Other articles include a feature on the Manitoba model for integrated language and communication for the workplace and a discussion of numeracy in the workplace.
Canadian Results of the International Adult Literacy and Skills Survey
This report presents the results of the 2003 International Adult Literacy and Skills Survey (IALSS) that measured the proficiencies in literacy, numeracy and problem solving of the Canadian population. It shows the skills distributions of the population of each of the ten provinces and three territories and of specific subpopulations, such as immigrants, Aboriginal peoples and minority language groups.
The report also analyses the relationships between socio-demographic characteristics, such as age, education, type of work and income, and performance in literacy, numeracy and problem solving.
Building a brighter financial future
Authors: Task Force on Financial Literacy
This is the final report of the Task Force on Financial Literacy, established in 2009 by the Government of Canada to consult with individuals and organizations across the country on how best to address the gaps in Canadians’ financial knowledge. By the time the consultation period ended, the task force had received more than 300 written submissions, heard from 175 presenters in 14 communities, and attracted 125 contributors to its online forum.
In this document, the authors put forward a proposed national strategy on financial literacy and also provide a set of recommendations on how to achieve it.
The authors note that five priorities form the foundation of the strategy: responsibility for the outcome of the strategy must be shared among all stakeholders; coordination of the various initiatives will require strong leadership; financial literacy requires lifelong learning; resources and innovative approaches will be needed to raise Canadians’ awareness of the importance of adopting good financial behaviours; and accountability will be key to the success of the strategy.
The authors state that financial literacy is an essential life skill for all Canadians and is acquired through lifelong learning. They emphasize the role that the school system can play and recommend that all provincial and territorial governments provide financial literacy professional development opportunities for teachers, with the federal government supporting these efforts by making resources available and accessible for teachers.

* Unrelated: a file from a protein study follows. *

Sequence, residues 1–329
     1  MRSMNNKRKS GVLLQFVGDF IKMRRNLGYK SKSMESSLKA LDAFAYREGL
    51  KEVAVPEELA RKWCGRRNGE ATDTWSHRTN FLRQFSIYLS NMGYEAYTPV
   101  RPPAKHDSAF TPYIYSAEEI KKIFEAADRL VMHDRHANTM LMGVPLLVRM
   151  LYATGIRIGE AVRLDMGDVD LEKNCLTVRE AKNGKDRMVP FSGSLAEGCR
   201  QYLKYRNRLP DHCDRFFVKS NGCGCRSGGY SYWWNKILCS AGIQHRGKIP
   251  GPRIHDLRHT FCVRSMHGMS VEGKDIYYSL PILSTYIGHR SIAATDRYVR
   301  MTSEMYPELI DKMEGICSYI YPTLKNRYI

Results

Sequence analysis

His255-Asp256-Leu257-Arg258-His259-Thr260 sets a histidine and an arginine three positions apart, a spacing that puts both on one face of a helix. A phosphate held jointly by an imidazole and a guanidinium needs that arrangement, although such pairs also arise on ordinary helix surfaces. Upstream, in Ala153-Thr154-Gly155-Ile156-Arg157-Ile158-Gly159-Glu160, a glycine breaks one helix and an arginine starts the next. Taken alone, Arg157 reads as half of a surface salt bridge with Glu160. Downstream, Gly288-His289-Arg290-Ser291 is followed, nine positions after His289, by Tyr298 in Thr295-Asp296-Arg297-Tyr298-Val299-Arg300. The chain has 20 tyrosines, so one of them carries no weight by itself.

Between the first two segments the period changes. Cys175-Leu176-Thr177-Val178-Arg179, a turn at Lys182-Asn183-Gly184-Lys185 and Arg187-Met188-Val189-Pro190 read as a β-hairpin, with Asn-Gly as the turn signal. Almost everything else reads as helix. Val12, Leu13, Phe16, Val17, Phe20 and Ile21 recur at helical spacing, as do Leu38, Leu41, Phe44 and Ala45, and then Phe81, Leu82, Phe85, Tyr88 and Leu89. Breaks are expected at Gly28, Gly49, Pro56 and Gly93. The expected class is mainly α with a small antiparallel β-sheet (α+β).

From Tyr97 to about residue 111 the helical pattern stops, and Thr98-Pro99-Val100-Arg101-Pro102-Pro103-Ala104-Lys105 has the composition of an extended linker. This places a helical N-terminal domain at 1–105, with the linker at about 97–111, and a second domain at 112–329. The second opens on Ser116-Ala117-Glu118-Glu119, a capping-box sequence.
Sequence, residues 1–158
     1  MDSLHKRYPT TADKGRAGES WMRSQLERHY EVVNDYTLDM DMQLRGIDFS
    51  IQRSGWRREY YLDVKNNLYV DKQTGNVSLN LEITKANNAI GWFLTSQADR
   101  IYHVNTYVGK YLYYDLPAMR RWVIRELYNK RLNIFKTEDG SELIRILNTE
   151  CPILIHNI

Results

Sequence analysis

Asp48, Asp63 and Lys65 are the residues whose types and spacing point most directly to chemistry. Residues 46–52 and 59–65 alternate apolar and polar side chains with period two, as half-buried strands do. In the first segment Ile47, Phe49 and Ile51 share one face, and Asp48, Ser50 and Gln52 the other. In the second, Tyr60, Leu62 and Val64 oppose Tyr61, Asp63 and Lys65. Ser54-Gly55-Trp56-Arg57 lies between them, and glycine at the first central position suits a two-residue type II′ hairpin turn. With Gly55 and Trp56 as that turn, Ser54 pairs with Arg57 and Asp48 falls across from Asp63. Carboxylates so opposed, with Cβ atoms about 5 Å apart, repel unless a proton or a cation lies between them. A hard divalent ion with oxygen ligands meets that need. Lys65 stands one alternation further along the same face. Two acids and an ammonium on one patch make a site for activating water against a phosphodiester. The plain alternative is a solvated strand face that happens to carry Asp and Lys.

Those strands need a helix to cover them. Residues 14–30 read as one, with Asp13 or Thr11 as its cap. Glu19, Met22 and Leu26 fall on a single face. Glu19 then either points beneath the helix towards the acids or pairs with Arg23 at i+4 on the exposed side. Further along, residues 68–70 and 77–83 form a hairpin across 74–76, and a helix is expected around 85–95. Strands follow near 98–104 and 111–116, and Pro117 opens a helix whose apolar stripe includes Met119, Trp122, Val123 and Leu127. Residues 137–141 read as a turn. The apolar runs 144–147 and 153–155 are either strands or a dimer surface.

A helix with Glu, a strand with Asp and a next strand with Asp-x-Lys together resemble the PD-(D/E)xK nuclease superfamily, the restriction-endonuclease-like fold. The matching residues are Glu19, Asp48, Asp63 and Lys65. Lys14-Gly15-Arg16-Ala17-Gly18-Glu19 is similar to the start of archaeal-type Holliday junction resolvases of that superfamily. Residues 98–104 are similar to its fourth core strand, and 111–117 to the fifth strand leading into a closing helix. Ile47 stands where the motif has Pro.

First Canadian Conference on Literacy and Health
In partnership with 26 national health associations, the Canadian Public Health Association raises awareness about the links between literacy and health among health professionals. Specifically, over the past nine years, CPHA's National Literacy and Health Program (NLHP) has promoted plain language health information and clear verbal communication in the health profession throughout Canada.
The NLHP has undertaken numerous projects in the following are as:
• seniors' prescription medication use
• access to health services and health information
• poor health communication and its impact on patients' informed consent and health professional liability
• hard-to-use forms that undermine the independence and wellbeing of low-literacy health consumers
• health among low-literacy youth
Authors: Lisa Hagedorn
This document catalogues resources that can be used to teach adult numeracy. It includes books and binders; sources of manipulables (places to buy or borrow materials and aides), computer software, web sites, resource centres, videos, and reading for professional development. Each listing provides publication details, as well as information about the resource's form, best use, purpose, strengths and weaknesses, and more.
Presentation to the Task Force on Financial Literacy, May 10, 2010
Authors: Paul Cappon
In this presentation to the Government of Canada’s Task Force on Financial Literacy, the president and CEO of the Canadian Council on Learning (CCL) outlines the role the CCL could play in enhancing Canadian’s financial skills.
Dr. Paul Cappon points out that CCL identified financial literacy as one of a set of “new” literacies required to function effectively in today’s world. Others include digital, computer and information literacy.
Specifically, he says the CCL could contribute to evaluating national progress on financial literacy by providing a synthesis of available research; monitoring trends and identifying gaps in information and data; identifying who is most vulnerable, and providing new insights into why they are at risk; and providing recommendations for the development of targeted strategies to strengthen the financial literacy skills and capabilities of Canadians.
The task force was established in 2009 and published its final report in February 2011. The report can be found at http://library.nald.ca/item/9167.